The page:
The monitoring and diagnosing of complex structures like vehicles, buildings, water plants, etc., involve investigation strategies for the accurate detection of anomalies such as defects and cracks.This problem is usually recast as the solution of an inverse problem. In this framework, state of the art methods that provide high performance in terms of resolution exist, but they often require non‐negligible computational resources. As a consequence, real-time investigations are very complex and the monitoring can be performed only periodically. Undesired anomalies may occur in between two consecutive tests and this is unaccepptable in a wide set of applications.
Alternative solutions are required to make the structural health monitoring (SHM) fast and effective, especially if embedded/low-power/low-cost hardware is adopted for data acquisition. Self-learning methods, such as learning-by-example (LBE) methods like Neural Network (NN), Support Vector Machine (SVM), Gaussian Process (GP), provide a fast (even if suboptimal) evaluation of the structural health status, triggering more deep analysis only if required. Such approaches can be profitably integrated on top of sensing hardware platforms, like wireless sensor network (WSN) nodes.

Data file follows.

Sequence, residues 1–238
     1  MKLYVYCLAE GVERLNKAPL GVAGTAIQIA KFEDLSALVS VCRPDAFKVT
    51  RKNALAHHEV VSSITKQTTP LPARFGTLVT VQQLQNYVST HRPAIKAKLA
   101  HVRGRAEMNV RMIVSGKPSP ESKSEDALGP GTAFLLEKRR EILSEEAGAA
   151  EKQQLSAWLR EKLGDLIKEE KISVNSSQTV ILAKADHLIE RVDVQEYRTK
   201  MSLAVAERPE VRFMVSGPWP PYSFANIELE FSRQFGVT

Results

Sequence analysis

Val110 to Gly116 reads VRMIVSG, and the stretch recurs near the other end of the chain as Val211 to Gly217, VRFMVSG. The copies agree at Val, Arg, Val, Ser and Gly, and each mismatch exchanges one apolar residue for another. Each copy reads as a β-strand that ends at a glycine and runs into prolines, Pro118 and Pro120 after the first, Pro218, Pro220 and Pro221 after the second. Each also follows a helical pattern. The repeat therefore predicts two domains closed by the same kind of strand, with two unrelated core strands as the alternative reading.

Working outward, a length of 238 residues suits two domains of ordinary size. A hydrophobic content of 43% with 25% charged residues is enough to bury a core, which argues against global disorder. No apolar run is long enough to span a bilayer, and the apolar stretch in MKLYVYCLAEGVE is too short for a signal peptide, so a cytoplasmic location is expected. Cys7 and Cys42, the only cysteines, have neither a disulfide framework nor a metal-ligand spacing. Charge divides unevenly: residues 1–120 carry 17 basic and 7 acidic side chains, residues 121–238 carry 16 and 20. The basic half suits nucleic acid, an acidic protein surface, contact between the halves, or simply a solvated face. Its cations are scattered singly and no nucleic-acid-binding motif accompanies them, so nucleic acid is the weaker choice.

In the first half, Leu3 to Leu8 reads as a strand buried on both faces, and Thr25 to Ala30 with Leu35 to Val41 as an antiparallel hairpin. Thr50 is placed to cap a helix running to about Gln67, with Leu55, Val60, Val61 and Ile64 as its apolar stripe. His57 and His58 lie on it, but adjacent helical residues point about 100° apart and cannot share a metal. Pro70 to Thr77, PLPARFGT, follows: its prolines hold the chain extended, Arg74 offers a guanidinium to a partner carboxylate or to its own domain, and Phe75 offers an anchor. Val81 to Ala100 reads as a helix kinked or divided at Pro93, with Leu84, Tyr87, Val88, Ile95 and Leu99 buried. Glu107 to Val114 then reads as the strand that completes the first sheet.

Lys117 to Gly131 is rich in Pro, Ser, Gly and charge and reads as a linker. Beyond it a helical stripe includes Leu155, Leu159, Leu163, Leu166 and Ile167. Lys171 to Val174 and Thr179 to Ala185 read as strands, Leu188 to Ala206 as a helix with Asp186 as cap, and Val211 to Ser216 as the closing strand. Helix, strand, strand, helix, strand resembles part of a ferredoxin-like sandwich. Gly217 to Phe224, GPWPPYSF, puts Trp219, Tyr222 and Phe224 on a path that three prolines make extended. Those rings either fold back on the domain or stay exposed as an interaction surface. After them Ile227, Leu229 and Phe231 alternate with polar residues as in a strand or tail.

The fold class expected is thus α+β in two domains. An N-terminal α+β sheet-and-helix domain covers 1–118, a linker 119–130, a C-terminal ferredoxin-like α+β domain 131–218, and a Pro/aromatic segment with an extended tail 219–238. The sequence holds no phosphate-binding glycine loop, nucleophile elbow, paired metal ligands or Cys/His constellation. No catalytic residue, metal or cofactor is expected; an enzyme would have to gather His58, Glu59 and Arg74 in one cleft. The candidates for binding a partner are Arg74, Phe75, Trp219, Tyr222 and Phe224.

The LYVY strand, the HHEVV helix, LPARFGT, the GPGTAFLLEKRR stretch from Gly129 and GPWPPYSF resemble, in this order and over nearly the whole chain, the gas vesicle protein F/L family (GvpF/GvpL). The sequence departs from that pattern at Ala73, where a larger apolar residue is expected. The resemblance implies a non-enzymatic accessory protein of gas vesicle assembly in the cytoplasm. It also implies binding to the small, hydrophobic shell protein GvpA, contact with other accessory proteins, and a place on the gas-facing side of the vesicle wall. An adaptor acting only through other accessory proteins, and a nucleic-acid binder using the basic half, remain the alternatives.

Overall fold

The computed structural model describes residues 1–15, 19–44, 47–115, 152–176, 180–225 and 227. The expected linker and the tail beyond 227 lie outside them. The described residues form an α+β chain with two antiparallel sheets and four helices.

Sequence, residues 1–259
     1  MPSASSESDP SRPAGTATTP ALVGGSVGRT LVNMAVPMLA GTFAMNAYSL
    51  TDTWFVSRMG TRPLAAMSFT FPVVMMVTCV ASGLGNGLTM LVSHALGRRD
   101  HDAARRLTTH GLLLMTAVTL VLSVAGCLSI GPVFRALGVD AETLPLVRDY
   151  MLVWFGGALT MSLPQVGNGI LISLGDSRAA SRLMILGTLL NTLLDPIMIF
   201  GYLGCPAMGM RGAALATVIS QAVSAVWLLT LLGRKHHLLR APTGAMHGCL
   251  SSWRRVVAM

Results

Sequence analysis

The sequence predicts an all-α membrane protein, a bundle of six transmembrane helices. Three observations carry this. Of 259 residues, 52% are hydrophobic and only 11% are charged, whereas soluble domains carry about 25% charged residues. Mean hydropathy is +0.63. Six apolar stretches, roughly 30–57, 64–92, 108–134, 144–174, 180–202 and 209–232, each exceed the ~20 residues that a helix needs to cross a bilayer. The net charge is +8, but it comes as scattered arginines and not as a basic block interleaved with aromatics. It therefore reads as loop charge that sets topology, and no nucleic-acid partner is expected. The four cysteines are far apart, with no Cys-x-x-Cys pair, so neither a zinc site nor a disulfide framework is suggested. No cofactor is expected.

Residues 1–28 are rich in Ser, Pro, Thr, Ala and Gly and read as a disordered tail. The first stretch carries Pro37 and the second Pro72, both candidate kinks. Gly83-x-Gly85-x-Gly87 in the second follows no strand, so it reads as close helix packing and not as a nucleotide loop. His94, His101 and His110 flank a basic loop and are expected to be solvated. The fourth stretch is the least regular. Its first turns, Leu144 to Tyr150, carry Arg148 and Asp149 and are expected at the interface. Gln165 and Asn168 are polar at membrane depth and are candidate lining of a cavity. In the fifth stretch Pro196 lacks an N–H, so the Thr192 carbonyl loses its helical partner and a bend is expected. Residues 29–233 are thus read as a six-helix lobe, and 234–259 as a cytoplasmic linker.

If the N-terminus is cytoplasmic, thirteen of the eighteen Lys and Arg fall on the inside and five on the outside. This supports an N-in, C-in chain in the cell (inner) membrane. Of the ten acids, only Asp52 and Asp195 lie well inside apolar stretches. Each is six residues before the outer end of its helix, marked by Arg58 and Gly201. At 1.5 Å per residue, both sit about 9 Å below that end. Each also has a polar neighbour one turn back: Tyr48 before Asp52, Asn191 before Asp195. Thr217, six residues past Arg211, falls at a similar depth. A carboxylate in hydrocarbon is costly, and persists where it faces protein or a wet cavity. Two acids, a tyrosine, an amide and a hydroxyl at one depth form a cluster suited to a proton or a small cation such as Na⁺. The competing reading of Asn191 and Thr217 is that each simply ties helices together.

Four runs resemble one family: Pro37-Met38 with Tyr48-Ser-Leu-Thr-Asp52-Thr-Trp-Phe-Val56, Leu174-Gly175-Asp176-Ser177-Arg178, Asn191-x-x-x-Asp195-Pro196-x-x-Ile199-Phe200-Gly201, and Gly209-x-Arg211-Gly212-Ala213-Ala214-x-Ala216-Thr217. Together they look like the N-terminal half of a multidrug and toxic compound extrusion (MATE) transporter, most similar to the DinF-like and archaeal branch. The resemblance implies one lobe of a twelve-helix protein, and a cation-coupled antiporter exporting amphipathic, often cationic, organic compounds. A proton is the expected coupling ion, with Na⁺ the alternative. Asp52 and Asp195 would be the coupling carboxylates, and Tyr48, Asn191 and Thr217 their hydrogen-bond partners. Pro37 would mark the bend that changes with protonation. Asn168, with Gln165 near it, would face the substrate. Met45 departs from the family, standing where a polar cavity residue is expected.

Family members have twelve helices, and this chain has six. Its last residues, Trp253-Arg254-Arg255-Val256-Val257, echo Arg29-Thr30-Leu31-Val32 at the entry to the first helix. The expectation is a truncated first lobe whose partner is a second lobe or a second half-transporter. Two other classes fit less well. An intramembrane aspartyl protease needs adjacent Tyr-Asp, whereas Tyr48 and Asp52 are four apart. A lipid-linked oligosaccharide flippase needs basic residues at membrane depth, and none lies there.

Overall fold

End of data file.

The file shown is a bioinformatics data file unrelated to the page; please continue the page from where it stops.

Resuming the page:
The WSN technology represents a valid solution for low-cost SHM system, thanks to its properties of scalability, flexibility, low-power, multi-sensing, and adaptability to a large number of different application fields.
The ELEDIA@UniNAGA is involved in the study, design, and implementation of advanced SHM solutions, as well as in the testing and performance analysis of the investigated systems. Experimental setups and prototype are also under validation (check the Demos webpage to see an example of a wireless distributed system for the monitoring of the server room status).